We spent the bulk of the next day on a trip around some of the region’s best vineyards, which we wrote about in a separate post here: Provence Wine Tours. This region is famed for its rosé and they produce a lot of it, so it’s a great option to try some of the best vineyards in the area. We highly recommend this day trip as you get to explore three different local vineyards, guided in english, and a whistle-stop hour or two in nearby Aix-en-Provence.
The Best Terrace in Marseille
If you get the chance, it might sound strange but we suggest stopping by Intercontinental Marseille – Hotel Dieu and whiling away an hour or two on their terrace with a drink in hand.
One of the best lounging spots in the entire city, with a direct, dead-centre view of Notre Dame de la Garde before you, this is also made even more famous by an appearance in the Netflix series Marseille (which we’re obsessed with, having watched whilst planning this debut trip!) We sipped this little gin number below as we literally melted on the hottest day of the year Marseille had seen!
Cours St. Julien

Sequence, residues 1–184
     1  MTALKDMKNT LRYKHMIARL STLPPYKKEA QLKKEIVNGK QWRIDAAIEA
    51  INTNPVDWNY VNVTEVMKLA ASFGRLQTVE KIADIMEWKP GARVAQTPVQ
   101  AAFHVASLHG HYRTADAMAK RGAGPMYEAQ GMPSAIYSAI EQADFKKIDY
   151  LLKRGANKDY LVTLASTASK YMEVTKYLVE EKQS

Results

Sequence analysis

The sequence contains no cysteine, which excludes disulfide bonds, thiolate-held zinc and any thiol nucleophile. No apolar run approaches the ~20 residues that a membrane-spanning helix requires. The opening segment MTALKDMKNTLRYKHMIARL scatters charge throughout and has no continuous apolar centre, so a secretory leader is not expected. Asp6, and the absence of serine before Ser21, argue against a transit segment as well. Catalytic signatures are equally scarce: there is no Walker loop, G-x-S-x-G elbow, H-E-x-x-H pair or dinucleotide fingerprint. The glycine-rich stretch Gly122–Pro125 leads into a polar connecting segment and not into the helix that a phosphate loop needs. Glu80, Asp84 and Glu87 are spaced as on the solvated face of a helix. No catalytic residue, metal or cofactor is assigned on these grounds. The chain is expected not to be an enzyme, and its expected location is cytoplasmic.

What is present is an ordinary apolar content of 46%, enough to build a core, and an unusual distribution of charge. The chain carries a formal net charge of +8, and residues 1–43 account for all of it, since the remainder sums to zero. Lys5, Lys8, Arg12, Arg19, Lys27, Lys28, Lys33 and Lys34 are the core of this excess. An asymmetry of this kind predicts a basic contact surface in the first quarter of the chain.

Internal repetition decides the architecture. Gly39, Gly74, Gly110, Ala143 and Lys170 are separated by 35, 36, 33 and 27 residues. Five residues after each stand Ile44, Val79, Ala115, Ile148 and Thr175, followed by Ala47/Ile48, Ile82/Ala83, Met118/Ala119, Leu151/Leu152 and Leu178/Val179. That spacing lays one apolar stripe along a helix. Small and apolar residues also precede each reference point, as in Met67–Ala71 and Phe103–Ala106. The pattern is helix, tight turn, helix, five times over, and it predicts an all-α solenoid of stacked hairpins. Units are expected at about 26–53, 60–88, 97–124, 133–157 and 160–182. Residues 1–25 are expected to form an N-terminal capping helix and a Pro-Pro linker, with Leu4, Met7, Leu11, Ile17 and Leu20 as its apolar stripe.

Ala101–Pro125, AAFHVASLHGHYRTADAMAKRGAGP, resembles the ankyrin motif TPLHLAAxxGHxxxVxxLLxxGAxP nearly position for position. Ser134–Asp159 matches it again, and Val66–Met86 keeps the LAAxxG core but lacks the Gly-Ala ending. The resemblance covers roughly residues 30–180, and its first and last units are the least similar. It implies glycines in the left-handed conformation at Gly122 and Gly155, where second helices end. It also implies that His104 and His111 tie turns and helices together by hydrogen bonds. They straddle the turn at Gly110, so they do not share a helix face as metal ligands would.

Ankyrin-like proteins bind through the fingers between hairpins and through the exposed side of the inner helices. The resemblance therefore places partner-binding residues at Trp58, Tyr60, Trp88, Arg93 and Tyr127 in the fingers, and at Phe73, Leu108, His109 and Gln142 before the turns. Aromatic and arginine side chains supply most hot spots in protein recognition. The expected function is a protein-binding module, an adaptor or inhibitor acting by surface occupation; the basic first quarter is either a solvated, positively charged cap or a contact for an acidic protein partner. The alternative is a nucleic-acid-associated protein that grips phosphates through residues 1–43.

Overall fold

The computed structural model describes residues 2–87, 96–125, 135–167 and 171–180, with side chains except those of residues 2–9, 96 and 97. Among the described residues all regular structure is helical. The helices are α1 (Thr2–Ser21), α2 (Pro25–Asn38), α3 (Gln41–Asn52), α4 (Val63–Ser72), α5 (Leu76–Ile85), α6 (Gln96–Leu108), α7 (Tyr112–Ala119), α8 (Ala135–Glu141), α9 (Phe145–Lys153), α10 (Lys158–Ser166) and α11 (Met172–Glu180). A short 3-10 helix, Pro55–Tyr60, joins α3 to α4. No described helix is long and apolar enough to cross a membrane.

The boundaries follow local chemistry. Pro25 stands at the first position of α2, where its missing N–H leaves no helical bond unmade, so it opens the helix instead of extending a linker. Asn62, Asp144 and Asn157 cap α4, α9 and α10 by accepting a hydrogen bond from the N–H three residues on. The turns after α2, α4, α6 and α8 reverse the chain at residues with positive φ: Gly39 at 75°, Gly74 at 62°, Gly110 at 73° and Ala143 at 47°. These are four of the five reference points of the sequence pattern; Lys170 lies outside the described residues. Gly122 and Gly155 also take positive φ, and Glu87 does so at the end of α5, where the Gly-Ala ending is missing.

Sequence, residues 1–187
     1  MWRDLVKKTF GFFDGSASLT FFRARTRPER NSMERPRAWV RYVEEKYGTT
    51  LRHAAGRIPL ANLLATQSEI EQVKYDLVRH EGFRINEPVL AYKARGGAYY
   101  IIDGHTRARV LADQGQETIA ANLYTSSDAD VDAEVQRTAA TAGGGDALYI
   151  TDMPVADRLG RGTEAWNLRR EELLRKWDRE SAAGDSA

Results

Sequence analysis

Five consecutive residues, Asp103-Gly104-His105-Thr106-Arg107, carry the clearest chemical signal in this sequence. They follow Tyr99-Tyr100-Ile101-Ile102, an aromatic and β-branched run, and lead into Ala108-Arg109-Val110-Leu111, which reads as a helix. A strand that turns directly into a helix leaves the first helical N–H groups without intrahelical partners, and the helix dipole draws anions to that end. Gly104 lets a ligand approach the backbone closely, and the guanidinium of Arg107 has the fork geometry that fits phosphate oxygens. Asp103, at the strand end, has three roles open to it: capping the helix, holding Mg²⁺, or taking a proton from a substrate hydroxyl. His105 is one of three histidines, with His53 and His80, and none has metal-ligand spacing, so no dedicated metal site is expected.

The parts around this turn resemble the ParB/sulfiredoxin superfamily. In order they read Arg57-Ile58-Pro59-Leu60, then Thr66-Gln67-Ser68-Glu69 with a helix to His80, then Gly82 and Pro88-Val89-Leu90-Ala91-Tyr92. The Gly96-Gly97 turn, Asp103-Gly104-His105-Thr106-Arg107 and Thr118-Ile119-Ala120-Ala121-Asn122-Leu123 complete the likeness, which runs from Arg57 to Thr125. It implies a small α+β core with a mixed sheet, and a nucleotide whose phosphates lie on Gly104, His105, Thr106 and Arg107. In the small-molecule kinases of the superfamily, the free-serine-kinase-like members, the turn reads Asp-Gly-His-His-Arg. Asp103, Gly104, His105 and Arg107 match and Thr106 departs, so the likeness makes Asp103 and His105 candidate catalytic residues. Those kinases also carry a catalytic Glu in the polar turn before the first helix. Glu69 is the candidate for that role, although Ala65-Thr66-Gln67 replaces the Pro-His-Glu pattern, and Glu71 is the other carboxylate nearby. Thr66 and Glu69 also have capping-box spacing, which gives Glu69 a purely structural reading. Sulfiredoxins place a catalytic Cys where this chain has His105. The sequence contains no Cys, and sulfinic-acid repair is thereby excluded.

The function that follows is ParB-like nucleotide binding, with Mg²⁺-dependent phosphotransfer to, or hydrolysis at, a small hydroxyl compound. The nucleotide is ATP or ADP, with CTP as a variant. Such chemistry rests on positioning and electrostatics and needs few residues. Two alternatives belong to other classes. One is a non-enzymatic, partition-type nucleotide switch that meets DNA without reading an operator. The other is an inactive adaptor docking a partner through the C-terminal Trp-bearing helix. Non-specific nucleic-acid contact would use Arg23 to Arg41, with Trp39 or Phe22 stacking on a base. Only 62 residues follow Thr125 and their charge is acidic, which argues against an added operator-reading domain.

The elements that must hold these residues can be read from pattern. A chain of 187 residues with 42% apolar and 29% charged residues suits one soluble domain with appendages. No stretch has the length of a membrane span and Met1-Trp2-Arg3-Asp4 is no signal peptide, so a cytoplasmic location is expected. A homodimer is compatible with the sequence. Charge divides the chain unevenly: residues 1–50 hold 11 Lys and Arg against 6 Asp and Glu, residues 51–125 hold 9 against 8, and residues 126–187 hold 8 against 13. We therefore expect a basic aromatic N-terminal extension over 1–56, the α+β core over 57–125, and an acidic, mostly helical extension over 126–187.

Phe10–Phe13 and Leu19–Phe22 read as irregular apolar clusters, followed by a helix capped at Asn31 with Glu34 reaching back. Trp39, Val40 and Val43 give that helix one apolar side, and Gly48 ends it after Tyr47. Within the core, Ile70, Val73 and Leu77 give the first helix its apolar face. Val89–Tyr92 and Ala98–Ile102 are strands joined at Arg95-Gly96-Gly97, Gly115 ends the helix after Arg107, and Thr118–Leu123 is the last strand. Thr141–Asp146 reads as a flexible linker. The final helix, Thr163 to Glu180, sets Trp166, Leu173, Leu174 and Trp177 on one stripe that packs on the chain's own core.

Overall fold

Spend the evening hanging around the trendy, incredibly cool Cours St. Julien area – which we only discovered on our last morning in Marseille so we need to live through you and explore it fully! Cafés, restaurants and bars sit side by side on this long, wide square that’s the perfect for hopping from place to place, picking your favourites. We’re basing ourselves here for about a week on our next trip to Marseille as there was so much we wanted to discover!
Spend the next morning doing some shopping. Browse around Galeries Lafayette (a sister of the ginormous, iconic Parisian department store) with its impressive food hall and floors upon floors of high end designer collections.
Try getting to Les Docks as well, a really unique shopping centre (where you can also dine on burgers at Big Fernand, like we did!) You can also pick up some of the iconic Marseillaise products before you depart, like: